We have performed large-scale experiments on the ImageNet dataset to investigate the portability of various types of adversarial images across multiple deep convolutional neural networks including the fine-tuned version of BVLC-AlexNet, the publicly available versions of VGG-16 and VGG-19, Princeton-GoogLeNet, BVLC-GoogLeNet, and three versions of Residual Network models. As our results suggest, adversarial images are more transferable between networks sharing the same or similar network architectures, and adversarial samples originating from better performing models are more transferable to more vulnerable networks due to their stronger adversarial perturbations. Furthermore, our experiments have highlighted that adversarial images generated by FGS are more portable than others produced by FGV or HC.

In our cross-model transferability experiments, we have used adversarial examples formed by perturbations with minimal magnitudes that cause misclassifications. We note that sometimes these perturbations are highly perceptible and, therefore, the crafted samples cannot be considered adversarial. While those noisy samples are not adversarial in nature, they still have an effect on our measured portability rates as, due to their stronger perturbations, they are certainly more portable across networks. The perceptual adversarial similarity score (PASS) seems to be the straightforward measure to differentiate adversarial from noisy samples, i.e., to quantitatively define adversarialness by measuring the similarity/distinguishability of original and perturbed image pairs. Specifying an applicable threshold for PASS scores to define adversarial is beyond the scope of this paper.

There are already applied mechanisms to inadvertently mitigate the transferability problem of adversarial examples. To achieve better performances on various visual recognition tasks, machine learning systems often use multiple crops for classification. Namely, several crops are extracted from the input and after classifying them independently, the model makes the final classification by fusing the results obtained from the crops. Luo et al. [15] proposed a mechanism to alleviate the recognition errors caused by adversarial images, which is basically based upon cropping. Their foveation-based technique uses only a sub-region of the image during classification. The authors demonstrated that the negative effect of foveated perturbations to classification scores can be significantly reduced compared to entire perturbations, suggesting that foveation approaches can improve the robustness of neural networks to adversarial examples. Another popular approach to obtain better classification performances is the application of multiple models by using an ensemble of networks. For instance, He et al. [4] applied an ensemble of three Residual Networks. As we demonstrated, the proportion of portable adversarial images among Residual Networks is relatively low. Therefore, the application of ensembles can further improve the robustness to adversarial examples.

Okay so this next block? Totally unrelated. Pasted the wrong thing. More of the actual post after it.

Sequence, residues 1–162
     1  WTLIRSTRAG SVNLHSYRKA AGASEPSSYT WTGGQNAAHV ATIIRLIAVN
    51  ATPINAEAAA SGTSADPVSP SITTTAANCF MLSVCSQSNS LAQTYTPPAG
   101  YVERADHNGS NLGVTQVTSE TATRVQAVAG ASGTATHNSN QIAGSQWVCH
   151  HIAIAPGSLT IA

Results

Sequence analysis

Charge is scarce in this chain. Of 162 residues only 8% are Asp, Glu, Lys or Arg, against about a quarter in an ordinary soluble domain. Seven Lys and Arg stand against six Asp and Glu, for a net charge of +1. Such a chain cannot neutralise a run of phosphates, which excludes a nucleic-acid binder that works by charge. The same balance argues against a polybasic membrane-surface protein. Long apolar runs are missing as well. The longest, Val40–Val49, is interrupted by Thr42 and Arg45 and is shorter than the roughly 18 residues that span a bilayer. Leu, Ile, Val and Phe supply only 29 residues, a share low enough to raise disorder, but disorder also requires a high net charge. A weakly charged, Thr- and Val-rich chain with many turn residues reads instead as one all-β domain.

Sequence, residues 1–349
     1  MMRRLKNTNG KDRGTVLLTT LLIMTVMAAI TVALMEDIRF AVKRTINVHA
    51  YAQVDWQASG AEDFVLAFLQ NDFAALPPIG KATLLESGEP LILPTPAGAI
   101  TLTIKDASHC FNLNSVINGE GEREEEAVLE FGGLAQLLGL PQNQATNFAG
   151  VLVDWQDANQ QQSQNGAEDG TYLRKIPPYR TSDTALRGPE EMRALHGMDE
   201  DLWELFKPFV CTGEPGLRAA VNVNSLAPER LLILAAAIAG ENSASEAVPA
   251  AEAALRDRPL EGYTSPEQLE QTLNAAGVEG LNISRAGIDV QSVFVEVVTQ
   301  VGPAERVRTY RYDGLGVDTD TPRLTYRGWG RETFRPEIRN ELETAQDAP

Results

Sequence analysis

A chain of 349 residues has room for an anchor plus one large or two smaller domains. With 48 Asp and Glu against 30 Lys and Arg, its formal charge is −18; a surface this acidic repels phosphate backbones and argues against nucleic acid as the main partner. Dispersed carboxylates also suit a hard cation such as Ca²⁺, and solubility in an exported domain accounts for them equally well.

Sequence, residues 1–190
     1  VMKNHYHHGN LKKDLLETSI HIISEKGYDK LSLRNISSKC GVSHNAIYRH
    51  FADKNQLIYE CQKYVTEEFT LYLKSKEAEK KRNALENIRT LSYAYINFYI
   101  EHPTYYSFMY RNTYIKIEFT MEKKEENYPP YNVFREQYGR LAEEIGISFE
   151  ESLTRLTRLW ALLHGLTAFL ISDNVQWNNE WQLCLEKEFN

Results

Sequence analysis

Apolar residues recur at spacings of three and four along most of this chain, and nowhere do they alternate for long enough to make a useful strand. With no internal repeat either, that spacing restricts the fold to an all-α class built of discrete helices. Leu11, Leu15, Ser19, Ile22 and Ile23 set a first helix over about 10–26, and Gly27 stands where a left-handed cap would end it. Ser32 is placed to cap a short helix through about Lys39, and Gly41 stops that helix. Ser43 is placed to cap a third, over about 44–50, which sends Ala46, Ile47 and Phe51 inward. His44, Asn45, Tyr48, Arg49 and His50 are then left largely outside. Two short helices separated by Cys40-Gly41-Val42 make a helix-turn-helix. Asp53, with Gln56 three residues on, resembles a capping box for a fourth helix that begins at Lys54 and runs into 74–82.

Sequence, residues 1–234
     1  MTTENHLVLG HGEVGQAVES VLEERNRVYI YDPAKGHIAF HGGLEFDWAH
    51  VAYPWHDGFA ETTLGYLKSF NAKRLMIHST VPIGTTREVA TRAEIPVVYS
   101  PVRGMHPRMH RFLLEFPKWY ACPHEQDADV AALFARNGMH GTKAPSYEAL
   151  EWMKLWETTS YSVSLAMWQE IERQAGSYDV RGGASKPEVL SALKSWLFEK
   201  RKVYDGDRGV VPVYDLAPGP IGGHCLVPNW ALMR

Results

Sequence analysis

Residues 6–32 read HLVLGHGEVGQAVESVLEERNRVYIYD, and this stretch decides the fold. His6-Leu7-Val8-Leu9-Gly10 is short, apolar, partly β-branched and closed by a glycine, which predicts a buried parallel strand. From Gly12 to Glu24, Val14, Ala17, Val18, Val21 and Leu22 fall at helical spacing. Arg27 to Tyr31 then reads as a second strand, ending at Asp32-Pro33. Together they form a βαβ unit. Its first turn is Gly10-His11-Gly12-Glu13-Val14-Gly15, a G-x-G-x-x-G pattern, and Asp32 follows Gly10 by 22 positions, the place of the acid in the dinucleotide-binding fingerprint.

In summary, considering our experimental results and the aforementioned techniques applied in real-world applications, we conclude that the security threat posed by adversarial portability is moderate, at most, but this area is still important for applications and future research.

Acknowledgment

This research is based upon work funded in part by NSF IIS-1320956 and in part by the Office of the Director of National Intelligence (ODNI), Intelligence Advanced Research Projects Activity (IARPA), via IARPA R&D Contract No. 2014-14071600012. The views and conclusions contained herein are those of the authors and should not be interpreted as necessarily representing the official policies or endorsements, either expressed or implied, of the ODNI, IARPA, or the U.S. Government. The U.S. Government is authorized to reproduce and distribute reprints for Governmental purposes notwithstanding any copyright annotation thereon.